go

 

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Venezuela – Otra Malasia & Quick History

As I was landing to Caracas airport at Maiquieta, I was fortunate to see a glimpse of neighboring city of Catia. I saw the green mountains, barrios next door to well developed buildings. Indeed, Venezuela was land of contrast.

As the oil boom exploded, rural side was neglected. As a result, thousands moved to the city to find better prospects. However, they found none and poor built homes are lasting legacy of failed prospects.

As the oil boom exploded, rural side was neglected. As a result, thousands moved to the city to find better prospects. However, they found none and poor built homes are lasting legacy of failed prospects.

Upon my arrival, I was greeted by my tour guide and we waited for our last Australian delegate. We waited at a coffee shop and I got a rough idea of multiculturalism in Venezuela. We have the mestizos, Afro Venezuelans, fair looking, Chinese Venezuelans and Jewish people. Caracas airport, in my opinion, a combination of 2000s and 1970s architecture.

As we traveled to Caracas, we went through modern tunnels and viaducts (massive engineering feats in the world back in 50s). We also had more glimpses of the barrios shantytowns on the hills separating the airport and Caracas.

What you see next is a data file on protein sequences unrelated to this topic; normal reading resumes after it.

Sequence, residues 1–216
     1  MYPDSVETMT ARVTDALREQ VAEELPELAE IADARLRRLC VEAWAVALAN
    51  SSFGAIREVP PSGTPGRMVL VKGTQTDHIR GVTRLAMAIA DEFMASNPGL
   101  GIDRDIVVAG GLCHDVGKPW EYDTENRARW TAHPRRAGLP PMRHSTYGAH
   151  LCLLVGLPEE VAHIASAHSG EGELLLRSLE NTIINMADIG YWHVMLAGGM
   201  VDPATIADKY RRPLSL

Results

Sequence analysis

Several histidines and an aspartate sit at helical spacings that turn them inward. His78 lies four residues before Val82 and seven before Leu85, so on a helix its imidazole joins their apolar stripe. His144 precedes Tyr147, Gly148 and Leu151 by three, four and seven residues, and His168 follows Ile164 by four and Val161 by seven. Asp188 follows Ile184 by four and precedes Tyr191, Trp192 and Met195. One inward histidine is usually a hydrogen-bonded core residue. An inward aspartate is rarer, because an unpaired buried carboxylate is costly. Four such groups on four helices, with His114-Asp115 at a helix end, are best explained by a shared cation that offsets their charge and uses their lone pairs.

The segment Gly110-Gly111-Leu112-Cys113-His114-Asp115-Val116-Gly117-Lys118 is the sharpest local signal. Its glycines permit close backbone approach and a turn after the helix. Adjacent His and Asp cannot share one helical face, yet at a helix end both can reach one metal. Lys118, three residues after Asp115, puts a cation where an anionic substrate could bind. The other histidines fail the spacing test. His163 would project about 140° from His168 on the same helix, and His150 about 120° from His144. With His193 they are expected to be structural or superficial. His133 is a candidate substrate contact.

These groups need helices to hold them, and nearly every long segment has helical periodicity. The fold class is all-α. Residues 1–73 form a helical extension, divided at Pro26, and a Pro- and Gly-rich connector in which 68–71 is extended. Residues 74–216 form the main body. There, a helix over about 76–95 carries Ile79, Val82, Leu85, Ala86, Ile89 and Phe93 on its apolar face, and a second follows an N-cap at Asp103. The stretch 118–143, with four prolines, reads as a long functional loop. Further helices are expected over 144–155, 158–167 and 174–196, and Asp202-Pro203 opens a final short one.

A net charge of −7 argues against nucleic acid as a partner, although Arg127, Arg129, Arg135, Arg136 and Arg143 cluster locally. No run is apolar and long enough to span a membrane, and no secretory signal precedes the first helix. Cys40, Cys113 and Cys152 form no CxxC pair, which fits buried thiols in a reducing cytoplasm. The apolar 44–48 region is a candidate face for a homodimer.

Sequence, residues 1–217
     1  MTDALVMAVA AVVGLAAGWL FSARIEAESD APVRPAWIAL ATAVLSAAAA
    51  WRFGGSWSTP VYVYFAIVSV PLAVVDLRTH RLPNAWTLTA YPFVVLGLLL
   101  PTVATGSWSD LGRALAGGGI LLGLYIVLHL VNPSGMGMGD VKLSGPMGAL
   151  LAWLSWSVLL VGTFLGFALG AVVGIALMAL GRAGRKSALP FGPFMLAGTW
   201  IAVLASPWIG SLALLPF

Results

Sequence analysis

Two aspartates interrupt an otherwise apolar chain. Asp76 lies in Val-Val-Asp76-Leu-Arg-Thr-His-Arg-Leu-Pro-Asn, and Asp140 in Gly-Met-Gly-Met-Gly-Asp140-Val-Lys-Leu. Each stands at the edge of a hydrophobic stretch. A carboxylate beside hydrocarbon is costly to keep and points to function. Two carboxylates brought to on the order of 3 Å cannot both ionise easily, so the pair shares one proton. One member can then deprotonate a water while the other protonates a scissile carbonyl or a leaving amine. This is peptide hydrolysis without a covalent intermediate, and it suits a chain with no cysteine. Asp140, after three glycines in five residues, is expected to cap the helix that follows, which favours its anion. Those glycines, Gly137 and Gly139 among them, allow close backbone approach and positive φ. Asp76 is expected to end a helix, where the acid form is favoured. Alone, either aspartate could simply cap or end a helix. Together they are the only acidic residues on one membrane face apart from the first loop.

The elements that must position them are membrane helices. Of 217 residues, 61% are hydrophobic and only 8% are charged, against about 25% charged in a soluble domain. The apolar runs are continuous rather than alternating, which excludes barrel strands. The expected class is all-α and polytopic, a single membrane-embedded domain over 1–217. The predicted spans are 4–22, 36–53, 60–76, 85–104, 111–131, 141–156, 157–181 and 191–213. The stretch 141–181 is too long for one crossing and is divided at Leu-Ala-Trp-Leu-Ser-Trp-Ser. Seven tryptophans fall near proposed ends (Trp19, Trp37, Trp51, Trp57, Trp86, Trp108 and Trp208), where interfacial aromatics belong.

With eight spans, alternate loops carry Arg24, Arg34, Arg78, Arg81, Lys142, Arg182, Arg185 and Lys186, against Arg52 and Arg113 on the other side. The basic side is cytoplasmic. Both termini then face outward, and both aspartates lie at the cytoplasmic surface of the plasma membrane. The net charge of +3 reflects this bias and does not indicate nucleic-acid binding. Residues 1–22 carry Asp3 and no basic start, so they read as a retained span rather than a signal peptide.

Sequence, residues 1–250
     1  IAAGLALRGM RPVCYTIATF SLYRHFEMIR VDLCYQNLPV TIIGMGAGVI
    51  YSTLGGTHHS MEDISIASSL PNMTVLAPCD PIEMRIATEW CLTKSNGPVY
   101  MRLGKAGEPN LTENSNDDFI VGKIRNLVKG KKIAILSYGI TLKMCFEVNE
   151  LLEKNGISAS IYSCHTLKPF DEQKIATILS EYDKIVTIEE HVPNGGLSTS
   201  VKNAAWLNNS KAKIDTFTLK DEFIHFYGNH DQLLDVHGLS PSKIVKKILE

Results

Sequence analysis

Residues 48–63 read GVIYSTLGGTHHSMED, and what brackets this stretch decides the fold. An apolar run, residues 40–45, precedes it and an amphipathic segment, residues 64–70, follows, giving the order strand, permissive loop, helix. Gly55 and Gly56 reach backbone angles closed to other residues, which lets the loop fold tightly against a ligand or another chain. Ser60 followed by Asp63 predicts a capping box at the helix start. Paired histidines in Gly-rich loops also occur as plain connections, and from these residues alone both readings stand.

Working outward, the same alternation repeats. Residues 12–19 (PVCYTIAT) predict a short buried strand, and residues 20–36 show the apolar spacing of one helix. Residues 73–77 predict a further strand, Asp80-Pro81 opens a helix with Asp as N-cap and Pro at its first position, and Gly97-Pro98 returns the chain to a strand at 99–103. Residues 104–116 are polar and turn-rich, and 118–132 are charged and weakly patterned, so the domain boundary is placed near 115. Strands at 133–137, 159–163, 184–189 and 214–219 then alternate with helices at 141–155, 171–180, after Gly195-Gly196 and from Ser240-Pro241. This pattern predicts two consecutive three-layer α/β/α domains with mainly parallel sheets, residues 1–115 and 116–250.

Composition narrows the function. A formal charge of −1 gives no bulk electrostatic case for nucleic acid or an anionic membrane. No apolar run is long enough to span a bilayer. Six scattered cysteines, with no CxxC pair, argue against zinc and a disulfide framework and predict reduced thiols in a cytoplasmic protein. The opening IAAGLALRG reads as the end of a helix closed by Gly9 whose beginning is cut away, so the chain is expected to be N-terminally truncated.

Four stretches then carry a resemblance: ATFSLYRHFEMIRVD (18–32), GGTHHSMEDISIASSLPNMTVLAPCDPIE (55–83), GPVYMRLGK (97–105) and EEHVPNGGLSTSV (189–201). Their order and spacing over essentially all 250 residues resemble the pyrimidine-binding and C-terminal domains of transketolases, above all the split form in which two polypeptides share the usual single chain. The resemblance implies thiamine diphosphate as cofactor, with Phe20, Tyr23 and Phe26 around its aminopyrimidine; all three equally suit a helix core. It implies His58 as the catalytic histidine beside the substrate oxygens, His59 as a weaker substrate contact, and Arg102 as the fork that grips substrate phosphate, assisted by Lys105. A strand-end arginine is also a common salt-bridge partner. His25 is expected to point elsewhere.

Caracas is separated from the coast by mountains that soar nearly 3000 metres. The highway from airport to Caracas was the mostly costliest project in World in 1950s

Caracas is separated from the coast by mountains that soar nearly 3000 metres. The highway from airport to Caracas was the mostly costliest project in World in 1950s

Part of the engineering feat of building the highway in 1950s

Part of the engineering feat of building the highway in 1950s

The moment we arrive in Caracas, I realized another version of Kuala Lumpur appeared. Tall buildings, clogged roads and even design of buildings and overpass reminded in Malaysia. There is one key difference, Venezuelans drive on left – we need some adjusting.

After quickly settling down at our house, we were briefed on our itinerary for the brigade. Our itinerary constantly changed or modified as this is a norm in Venezuela.